HO CHI MINH CITY (TheStreet) -- As I peeled the shiny paper off a cup of lemon yogurt in my Ho Chi Minh City hotel breakfast bar, I didn't realize I was about to drink the country's hottest stock.

The yogurt taste like any other, but its producer Vinamilk has investors salivating onshore and off, I found in mid-August during talks with fund managers in Vietnam's financial center Ho Chi Minh City.

Vinamilk sits easily on Ho Chi Minh stock exchange's list of the top 30 companies because of transparency, solid management and low-priced sales to a general population that is adding dairy to its diet as it gets wealthier. They're not giving up lemongrass and pho noodles, just adding a food group.

Vietnamese have historically bought dairy from Nestle (NSRGF) (NSRGY) , Mead Johnson Nutrition (MJN) and Dutch Lady. Two smaller local companies also vie to sell to the population of 90 million.

But cheaper-priced, scandal-free Vinamilk has a 30% share of the domestic market for powdered milk, Vietnam's chief source of dairy consumption, estimates Luong Thi My Hang, deputy CEO with VietFund Management in Ho Chi Minh City.

The company is 45% owned by the government. It typically posts healthy margins and stands out as "one of the top in terms of transparency and corporate governance," Luong says. Local brokerages rank it as the city stock exchange's No. 2 company by current market capitalization after PetroGas Vietnam.

The management is accessible, investors say. Balance sheets are honest and the company uses internationally recognized auditors. Vinamilk expects to post $1.5 billion in 2013 revenue from Vietnam and four fledgling export markets where it sells powdered milk, baby formula and ice cream.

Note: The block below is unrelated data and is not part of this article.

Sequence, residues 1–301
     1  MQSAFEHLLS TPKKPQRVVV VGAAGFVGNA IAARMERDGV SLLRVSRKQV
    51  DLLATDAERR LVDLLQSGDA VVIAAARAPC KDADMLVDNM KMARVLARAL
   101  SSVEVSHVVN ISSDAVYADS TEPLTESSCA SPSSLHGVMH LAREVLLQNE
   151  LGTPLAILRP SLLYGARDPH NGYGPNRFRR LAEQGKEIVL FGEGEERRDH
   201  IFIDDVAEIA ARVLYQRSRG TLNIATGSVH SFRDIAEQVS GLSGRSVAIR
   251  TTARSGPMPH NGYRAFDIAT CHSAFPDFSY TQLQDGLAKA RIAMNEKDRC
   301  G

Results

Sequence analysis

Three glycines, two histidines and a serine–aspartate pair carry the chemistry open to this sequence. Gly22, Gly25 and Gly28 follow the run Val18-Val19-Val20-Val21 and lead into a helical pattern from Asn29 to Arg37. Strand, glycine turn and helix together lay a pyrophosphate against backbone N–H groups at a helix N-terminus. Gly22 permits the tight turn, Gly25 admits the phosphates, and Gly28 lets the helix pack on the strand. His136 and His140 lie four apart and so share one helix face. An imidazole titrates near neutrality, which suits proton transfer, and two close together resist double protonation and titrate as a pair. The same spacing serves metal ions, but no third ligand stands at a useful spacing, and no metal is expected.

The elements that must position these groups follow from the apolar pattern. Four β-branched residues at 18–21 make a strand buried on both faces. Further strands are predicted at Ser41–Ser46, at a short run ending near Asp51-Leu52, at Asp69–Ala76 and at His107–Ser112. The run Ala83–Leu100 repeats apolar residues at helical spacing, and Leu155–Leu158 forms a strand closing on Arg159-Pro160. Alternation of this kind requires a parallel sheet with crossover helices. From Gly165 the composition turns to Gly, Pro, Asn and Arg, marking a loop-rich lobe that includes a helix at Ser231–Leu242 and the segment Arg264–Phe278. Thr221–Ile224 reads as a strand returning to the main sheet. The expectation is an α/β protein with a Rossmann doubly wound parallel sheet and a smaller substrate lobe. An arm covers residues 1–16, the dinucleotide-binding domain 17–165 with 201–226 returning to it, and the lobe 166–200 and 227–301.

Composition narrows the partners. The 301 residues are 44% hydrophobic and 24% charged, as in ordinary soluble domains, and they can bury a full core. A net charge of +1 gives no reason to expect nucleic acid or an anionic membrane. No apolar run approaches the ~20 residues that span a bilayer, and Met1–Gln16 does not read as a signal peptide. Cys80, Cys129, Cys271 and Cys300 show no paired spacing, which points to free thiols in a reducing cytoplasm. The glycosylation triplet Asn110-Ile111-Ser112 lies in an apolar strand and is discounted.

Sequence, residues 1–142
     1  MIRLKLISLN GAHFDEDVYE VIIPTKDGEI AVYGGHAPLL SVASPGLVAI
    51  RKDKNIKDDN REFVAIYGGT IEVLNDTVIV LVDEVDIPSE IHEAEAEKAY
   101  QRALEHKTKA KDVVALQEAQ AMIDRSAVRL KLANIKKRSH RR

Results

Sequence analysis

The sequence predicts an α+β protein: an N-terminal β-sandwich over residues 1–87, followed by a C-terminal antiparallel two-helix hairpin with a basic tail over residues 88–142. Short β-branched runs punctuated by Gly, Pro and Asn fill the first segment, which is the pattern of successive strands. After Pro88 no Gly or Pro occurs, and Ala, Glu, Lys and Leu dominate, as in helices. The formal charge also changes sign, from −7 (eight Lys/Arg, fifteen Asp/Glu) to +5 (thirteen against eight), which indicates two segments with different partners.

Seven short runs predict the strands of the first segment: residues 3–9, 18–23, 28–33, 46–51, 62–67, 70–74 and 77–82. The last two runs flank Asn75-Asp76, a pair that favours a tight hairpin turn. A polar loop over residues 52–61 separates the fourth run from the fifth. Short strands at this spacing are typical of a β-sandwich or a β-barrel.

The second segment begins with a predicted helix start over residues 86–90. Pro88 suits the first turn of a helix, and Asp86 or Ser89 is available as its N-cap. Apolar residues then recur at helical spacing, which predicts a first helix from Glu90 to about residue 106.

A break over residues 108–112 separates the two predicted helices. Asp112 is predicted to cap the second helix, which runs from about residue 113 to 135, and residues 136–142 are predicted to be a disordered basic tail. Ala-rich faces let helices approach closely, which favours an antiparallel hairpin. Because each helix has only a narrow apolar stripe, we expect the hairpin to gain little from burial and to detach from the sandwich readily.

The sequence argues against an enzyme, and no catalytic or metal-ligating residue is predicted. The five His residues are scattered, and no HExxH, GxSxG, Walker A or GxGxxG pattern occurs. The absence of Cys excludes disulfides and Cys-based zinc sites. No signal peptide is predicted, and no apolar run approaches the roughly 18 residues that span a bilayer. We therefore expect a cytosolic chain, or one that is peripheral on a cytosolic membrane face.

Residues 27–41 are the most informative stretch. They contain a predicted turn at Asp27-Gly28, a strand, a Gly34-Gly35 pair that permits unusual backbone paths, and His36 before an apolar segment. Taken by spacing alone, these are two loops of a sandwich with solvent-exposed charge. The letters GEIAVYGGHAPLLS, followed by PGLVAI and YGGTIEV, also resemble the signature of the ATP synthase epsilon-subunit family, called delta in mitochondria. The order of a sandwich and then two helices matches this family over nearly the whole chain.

Vinamilk is an outlier in the young Vietnamese securities market. Giant state-run firms are barred from investing outside their core business, precluding IPOs or equity trades. They're "in shambles," as one business consultant says.

Private firms often don't know how to retain customers, and a lot lost money after 2008 by playing the then-volatile stock market or buying risky real estate.

Foreign investors and institutions may ask about stock in Vinamilk also because it has avoided food safety scams.

"When melamine was found in China five years ago, Vinamilk was untouched by that," says Kevin Snowball, CEO of PXP Vietnam Asset Management in Ho Chi Minh City. Melamine occurred in Chinese branded milk in 2008, killing six babies and hospitalizing another 54,000.

"[Vinamilk] is run in accordance with all the best standards of corporate governance," he adds. Vinamilk is PXP's biggest holding at one-fifth of the portfolio. The stock has given shareholders 22 times their money since 2005, Snowball says.

Investment in the 38-year-old dairy will surge further if the government finalizes rules letting foreign funds own majority shares in companies on the liquidity-strapped Ho Chi Minh City stock exchange. Today the cap is 49% in most companies.

Will the golden cow tip over by then?

Vinamilk revenues were projected to rise 17% last year, but profits were anticipated to fall 8% to $284 million, according to the official Viet Nam News. "Fierce competition" and a drop in "purchasing power" despite aggressive marketing have set back profits, company Chairwoman Mai Kieu Lien said in April, according to the news service.

Vinamilk will still see 6% earnings growth this year and a more "normal" 21% next year, Snowball forecasts.

At the time of publication, the author held no positions in any of the stocks mentioned.

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This article is commentary by an independent contributor, separate from TheStreet's regular news coverage.